Differences in the intensity of valenced experience across species may affect the proportion of resources we ought to allocate to helping different types of animals. I recently wrote a long report on this topic. (You can view a PDF of the report here.) In this summary, I attempt to more succinctly convey my main conclusions.
We all know that some experiences feel good, while other experiences feel bad. In the jargon, we can say that experiences often take on a valence: an overall positive or negative flavor. We also know that some good experiences feel better than others, and some bad experiences feel worse than others. We can call these degrees the intensity of an experience.
Human lives are full of an assortment of valenced experiences of varying intensities. The difference between a person’s most positive experience and most negative experience is the person’s realized intensity range of valenced experience. But some individuals realize wider intensity ranges than others. Zooming out, we can describe the characteristic intensity range of a representative human being.
Are there differences in the characteristic intensity ranges of valenced experience across species? This question is important because the answer to it could affect the way we wish to spend our scarce resources helping different types of animals, including humans. For example, if the pains and pleasures of trout and salmon are but pale reflections of the pains and pleasures of cows and pigs, then in many instances we may be able to do more good helping mammals rather than fish.
I identified a three-stage approach to tackling this question:
- Start with theoretical evolutionary biology. Reflecting on the evolutionary function of valenced experience could help us discern rough limits on what the intensity range of a species might look like.
- Next, think about how cognitive and emotional traits contribute to the intensity of valenced experience. If we can get a handle on the role that cognition and emotion play, then we may be able to use differences in cognitive and emotional capacities as rough guides to differences in intensity range.
- Finally, examine the potential neurobiological, behavioral, and physiological markers of the intensity of valenced experience. Researchers have been working for decades to validate objective metrics of pain intensity in humans. If successful, we could perhaps extend these metrics to nonhuman animals, thus offering a chance to measure the intensity of valenced experience directly.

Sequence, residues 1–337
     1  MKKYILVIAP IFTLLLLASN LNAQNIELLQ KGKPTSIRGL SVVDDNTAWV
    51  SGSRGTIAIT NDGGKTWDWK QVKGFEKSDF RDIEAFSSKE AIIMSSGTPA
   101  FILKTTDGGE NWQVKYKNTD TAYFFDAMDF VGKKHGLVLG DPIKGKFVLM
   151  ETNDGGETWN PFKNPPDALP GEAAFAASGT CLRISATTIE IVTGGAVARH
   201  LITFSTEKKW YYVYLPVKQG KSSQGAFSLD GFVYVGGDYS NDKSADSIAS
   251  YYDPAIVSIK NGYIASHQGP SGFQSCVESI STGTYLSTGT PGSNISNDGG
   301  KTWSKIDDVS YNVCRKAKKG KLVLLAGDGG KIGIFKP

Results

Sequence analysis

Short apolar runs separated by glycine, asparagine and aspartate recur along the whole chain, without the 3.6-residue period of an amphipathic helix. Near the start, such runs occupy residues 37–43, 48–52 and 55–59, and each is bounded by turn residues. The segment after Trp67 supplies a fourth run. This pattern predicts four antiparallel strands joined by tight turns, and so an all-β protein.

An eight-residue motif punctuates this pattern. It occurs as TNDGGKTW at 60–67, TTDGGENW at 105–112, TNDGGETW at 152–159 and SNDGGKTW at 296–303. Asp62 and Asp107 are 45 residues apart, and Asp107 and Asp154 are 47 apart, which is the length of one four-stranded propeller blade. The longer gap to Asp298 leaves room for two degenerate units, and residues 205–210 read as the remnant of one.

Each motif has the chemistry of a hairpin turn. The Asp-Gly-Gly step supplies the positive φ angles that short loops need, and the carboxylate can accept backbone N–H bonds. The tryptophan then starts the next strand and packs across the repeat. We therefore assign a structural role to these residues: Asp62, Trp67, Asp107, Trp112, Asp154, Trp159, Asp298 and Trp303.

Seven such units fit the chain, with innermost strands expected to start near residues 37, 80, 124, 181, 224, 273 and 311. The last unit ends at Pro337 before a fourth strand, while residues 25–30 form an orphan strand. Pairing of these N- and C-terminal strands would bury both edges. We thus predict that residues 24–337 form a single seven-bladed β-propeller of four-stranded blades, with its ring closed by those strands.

My results are full of uncertainty. I combed through hundreds of studies and papers but struggled to piece together a coherent picture of the state of our knowledge. At times, it felt like I needed to be an expert in half a dozen distinct disciplines just to make sense of all the data I had collected. In the end, I arrived at a handful of tentative conclusions, two of which may be relevant to the way we allocate resources to interventions targeting different types of animals.
Tentative Conclusion #1: Humans and other mammals likely share a similar intensity range
The neurobiological machinery that controls human pain and pleasure sensitivity, as well as our basic emotional responses, is evolutionarily ancient, and therefore likely conserved across all mammals. From a behavioral, physiological, and neurological perspective, there is nothing uniquely human about bodily pains and pleasures. What’s more surprising is that from the same behavioral, physiological, and neurological perspective, there appears to be nothing uniquely human about our basic emotional responses. Other mammals probably feel fear, anger, anxiety, and sadness. Positive emotions appear equally widespread, with pretty robust analogues of (maternal) love and even friendship seemingly common among mammals. When the relevant behavior is similar, the physiological changes associated with the behavior are similar, and the neurobiology that presumably governs the behavior is similar, the most reasonable conclusion is that the emotional lives of nonhuman mammals are, in most respects, approximately as intense as the emotional lives of humans.